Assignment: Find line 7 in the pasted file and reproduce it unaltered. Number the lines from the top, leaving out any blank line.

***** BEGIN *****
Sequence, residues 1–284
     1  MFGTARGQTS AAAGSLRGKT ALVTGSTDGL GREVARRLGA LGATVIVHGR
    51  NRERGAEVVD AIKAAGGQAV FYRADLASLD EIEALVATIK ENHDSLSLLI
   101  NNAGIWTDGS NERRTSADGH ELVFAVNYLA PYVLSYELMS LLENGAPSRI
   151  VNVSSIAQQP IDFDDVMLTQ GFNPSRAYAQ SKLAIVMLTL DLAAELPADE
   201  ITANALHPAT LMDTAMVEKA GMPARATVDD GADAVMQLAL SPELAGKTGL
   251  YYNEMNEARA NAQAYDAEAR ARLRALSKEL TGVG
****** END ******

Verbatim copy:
   251  YYNEMNEARA NAQAYDAEAR ARLRALSKEL TGVG